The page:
Which Shall It Be, Freedom of Speech or Not?

SOURCE

Michael S. Rozeff
lewrockwell.com
August 10, 2013

wantyouCan a man speak freely in America without any fear of punishment or can he not? He cannot. Has the U.S. government concocted free speech “crimes” in order to suppress free speech? It has. Is the U.S. government investigating free speech activities with the notion that they may be terroristic? It is.

Being pro-liberty, I am pro-free speech. I think that liberty and being able to speak freely are part of what being a human being means. In addition, I think that free speech enhances human life. Favoring the human being, human life and its development, I favor free speech. This does not mean that I like or approve of everything that anyone says. I don’t, most assuredly. It doesn’t mean that groups of people may not voluntarily suppress free speech among themselves. Favoring free speech implies that I do not believe in forcibly curtailing speech.

If we wish, we can discuss free speech without reference to the U.S. constitution. The idea of free speech doesn’t depend on a constitution, but because the government is suppressing free speech and claiming that it is doing so legally, I am going to discuss some specific court cases that reference the Constitution.

Being pro-liberty, I am not in favor of a system that centralizes law-making in one man or a few men as the U.S. system under the Constitution does. What if they make bad laws? What if the system provides no effective means to alter those laws? What if the system actively suppresses and undermines the available means to alter those laws? What if great distress has to be endured for many years before laws are altered?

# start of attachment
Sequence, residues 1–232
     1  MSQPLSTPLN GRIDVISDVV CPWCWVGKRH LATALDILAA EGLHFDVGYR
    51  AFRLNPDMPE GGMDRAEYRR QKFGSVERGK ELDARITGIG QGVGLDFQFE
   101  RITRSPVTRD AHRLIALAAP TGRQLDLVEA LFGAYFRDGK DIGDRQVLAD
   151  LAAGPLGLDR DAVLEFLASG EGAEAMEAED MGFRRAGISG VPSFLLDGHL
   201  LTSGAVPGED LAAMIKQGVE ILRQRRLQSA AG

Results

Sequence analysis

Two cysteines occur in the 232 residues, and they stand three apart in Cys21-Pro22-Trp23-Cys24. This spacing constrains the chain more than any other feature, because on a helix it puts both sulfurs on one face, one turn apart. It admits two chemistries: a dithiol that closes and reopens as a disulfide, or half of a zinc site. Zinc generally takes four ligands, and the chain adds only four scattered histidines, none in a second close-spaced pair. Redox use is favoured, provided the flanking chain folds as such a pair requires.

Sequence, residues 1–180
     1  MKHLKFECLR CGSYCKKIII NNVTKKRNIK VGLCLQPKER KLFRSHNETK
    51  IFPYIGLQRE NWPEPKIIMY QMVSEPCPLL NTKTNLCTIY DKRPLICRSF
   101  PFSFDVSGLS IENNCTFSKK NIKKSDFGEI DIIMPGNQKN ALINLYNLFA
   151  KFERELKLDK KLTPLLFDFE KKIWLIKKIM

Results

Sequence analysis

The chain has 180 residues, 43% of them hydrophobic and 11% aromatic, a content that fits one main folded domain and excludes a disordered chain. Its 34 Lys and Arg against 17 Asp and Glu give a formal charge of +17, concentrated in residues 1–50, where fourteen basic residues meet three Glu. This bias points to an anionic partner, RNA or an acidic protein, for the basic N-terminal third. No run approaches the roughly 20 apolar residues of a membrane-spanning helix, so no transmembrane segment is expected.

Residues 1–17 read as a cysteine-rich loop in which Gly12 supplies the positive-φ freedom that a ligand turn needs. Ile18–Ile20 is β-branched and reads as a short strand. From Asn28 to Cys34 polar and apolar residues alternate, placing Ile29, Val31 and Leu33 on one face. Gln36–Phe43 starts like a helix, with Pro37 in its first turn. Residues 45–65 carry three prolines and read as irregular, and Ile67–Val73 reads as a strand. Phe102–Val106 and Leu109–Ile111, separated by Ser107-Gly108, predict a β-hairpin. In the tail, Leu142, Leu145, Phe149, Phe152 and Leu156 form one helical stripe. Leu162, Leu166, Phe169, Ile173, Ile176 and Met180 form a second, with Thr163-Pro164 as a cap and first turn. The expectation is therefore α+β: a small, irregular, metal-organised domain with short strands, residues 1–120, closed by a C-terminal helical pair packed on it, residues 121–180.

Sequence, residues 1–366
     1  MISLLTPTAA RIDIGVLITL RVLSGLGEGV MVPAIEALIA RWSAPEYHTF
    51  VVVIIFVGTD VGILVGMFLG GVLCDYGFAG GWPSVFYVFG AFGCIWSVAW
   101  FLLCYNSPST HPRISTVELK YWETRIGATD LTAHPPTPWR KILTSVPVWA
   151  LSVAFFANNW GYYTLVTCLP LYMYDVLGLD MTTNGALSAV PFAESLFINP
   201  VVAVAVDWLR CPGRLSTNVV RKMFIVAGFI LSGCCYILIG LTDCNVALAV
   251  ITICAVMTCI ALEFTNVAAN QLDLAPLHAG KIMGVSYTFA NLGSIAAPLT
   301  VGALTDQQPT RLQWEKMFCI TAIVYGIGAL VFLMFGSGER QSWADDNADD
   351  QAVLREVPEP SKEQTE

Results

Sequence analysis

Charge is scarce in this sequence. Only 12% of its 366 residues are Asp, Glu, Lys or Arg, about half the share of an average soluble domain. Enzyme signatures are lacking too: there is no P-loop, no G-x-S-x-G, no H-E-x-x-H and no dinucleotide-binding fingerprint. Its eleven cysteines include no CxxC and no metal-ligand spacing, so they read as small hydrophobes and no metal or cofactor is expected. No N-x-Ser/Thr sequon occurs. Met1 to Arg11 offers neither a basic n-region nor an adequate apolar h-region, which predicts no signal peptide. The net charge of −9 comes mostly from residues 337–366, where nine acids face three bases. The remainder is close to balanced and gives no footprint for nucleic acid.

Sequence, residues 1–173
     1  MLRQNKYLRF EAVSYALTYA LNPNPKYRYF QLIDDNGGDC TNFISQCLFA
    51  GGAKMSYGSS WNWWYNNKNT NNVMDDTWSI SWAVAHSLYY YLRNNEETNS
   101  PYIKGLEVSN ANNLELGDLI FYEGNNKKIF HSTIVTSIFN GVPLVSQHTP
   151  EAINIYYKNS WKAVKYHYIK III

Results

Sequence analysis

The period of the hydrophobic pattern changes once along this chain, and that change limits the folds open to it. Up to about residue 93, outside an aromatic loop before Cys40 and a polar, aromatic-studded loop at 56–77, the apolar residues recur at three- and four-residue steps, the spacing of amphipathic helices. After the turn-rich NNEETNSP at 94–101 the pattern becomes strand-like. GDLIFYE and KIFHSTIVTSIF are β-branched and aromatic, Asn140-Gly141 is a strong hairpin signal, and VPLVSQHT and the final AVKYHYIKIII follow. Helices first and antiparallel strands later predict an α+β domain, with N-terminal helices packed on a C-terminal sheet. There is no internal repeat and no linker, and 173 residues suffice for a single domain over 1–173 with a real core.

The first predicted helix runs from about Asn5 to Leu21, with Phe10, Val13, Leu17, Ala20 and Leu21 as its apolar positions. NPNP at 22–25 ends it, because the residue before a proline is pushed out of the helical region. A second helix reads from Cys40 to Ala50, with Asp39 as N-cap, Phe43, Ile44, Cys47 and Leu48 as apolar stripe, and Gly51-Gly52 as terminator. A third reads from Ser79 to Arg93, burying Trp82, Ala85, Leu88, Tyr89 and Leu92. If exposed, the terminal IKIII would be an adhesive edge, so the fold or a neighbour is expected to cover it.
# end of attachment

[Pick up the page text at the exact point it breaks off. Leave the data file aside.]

But in this article, I postpone speaking with my Spoonerite anti-Constitution hat on until the end. I mainly wish to explore how it is that the Supreme Court is undermining free speech under the cover of its claim to be the final arbiter of what U.S. law says. However, implicitly I am raising the question of what good a Constitution is under which rights written down in black and white can be effectively destroyed by the Supreme Court.

After the U.S. constitution went into effect in 1789, it was amended in 1791. The First Amendment concerned certain freedoms, including free speech.

Has the U.S. government subverted the First Amendment? It has and it is.

What does this amendment state? It reads in full:

“Congress shall make no law respecting an establishment of religion, or prohibiting the free exercise thereof; or abridging the freedom of speech, or of the press; or the right of the people peaceably to assemble, and to petition the Government for a redress of grievances.”

The amendment is clearly, unambiguously and strongly expressed. Justice Hugo Black has written of its “emphatic command”. It leaves no room for doubt. Congress does not have the power to make a law that abridges freedom of speech. This means in any way. It means under any circumstances. In addition, the amendment says that Congress has no power under the Constitution to make a law abridging freedom of the press. There is to be free speech for any person whom the Constitution claims to subject to its law and this includes members of the press. This article doesn’t deal with the recent attacks on freedom of the press.

Supreme Court decisions sometimes contain pro-free speech language. At other times, the decisions are anti-free speech. There is a history of First Amendment decisions. Reviewing them all is beyond the scope of this article. I propose to look at a few cases in order to show that in recent years the Supreme Court is undermining free speech.

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